Thursday, 11 April 2013

Huxley, Darwin, 'Killing God': Science vs Faith

As much as those who love to think of a chasm separating the worlds of faith and science (note I don't use the word 'religion' for I understand religion to be man's ultimate rebellion against God in that it replaces relationship with unattainable states bounded by rules which serve only to condemn) from either side, I can only (once more) point out that this is a construct rather than reality!

Thomas Huxley never used the words, 'You' have killed God,' when Darwin showed him his work regarding evolution; neither did he consider science and faith (he called it 'religion'  - it was what they called it then!) to be in conflict. In fact in his own words we find (thanks to Bob fore the quote):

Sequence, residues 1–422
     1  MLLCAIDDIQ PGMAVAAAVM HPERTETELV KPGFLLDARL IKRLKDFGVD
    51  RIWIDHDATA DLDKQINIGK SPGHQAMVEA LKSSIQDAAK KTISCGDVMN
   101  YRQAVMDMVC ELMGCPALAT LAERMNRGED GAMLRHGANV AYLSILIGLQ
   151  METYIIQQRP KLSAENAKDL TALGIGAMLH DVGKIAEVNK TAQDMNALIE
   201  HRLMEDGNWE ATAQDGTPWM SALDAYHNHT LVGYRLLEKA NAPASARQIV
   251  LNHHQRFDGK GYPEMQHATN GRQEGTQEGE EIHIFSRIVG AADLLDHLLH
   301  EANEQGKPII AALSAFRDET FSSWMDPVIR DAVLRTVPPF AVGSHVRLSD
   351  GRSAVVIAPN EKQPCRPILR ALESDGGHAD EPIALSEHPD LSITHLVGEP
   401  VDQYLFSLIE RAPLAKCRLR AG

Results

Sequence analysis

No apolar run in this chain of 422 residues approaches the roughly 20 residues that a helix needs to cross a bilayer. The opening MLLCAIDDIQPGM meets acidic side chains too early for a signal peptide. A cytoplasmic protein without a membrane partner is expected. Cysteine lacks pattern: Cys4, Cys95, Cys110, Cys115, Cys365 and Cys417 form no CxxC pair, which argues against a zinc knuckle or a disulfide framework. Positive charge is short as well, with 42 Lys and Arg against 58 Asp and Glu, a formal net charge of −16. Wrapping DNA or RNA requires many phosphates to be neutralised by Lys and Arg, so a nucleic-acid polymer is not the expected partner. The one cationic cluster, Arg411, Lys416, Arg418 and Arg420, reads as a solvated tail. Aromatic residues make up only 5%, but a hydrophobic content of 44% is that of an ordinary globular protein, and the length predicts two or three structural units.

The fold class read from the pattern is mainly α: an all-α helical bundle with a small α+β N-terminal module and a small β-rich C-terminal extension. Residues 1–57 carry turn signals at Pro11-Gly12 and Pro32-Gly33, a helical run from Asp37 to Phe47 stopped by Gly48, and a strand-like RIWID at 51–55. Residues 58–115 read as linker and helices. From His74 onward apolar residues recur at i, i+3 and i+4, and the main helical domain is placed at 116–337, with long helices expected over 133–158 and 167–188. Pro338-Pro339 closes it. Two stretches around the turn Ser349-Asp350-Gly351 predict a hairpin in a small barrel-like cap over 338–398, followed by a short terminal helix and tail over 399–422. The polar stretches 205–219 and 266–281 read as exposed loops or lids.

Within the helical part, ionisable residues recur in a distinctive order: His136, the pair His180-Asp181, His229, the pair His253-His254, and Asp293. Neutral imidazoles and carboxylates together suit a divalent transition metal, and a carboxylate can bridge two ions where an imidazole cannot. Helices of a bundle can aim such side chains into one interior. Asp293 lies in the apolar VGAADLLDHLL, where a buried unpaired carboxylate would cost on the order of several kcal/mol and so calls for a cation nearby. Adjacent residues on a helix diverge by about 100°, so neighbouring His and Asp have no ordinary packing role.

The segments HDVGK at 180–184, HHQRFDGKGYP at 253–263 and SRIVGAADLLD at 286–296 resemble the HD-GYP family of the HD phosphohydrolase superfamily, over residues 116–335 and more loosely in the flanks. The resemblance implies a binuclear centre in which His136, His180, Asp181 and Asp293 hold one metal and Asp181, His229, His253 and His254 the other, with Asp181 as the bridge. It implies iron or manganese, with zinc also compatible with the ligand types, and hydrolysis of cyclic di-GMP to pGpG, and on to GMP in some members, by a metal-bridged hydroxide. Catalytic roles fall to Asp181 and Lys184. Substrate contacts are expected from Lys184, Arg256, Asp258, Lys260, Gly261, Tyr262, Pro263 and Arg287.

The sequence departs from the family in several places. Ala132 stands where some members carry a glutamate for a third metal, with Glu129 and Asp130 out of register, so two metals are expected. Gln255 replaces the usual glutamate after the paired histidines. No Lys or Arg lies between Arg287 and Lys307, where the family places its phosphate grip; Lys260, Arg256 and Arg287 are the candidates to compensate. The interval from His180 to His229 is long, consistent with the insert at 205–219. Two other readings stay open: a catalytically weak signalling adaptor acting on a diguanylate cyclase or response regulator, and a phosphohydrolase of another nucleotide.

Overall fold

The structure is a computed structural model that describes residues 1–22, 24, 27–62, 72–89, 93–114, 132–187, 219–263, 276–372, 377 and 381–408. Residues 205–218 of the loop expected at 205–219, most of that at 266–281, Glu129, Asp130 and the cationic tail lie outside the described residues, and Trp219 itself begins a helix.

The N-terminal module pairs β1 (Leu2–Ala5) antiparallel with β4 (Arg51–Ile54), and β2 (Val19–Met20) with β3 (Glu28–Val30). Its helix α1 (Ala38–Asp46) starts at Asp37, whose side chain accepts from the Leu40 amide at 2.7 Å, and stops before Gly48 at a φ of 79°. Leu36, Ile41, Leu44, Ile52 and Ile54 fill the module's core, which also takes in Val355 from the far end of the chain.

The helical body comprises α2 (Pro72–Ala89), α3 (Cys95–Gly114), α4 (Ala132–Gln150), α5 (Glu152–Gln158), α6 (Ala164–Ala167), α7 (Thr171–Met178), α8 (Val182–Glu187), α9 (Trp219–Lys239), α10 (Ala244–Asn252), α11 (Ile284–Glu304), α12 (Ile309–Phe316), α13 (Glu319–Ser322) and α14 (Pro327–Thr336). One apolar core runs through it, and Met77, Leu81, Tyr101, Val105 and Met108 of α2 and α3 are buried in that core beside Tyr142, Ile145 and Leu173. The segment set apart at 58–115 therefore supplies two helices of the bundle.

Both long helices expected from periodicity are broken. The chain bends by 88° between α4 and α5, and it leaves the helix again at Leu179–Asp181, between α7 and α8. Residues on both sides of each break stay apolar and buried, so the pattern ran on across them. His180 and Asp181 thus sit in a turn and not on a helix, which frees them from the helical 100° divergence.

“The antagonism between science and religion, about which we hear so much, appears to me to be purely factitious - fabricated, on the one hand, by short-sighted religious people who confound a certain branch of science, theology, with religion; and, on the other, by equally short-sighted scientific people who forget that science takes for its province only that which is susceptible of clear intellectual comprehension”. 

Darwin feared ridicule from his peers more than any issues with the Church and only published when another (Alfred Russell Wallace) was about to publish what was basically the same work as him (and there was much to be gleaned from others besides).

Darwin was struck hard by the loss of his beloved Annie, but he didn't die an embittered atheist and in fact died thinking his theory (never quite made it to hypothesis or law ;-) ) supported the concept of a creator God.

Seems that once again all sides are sorely treated and truth is once more the casualty!


*'The Interpreters of Genesis and the Interpreters of Nature' in Science and Hebrew Tradition.
London: Macmillan, 1904 pp.160-161

1 comment:

Krystal Booth said...
This comment has been removed by the author.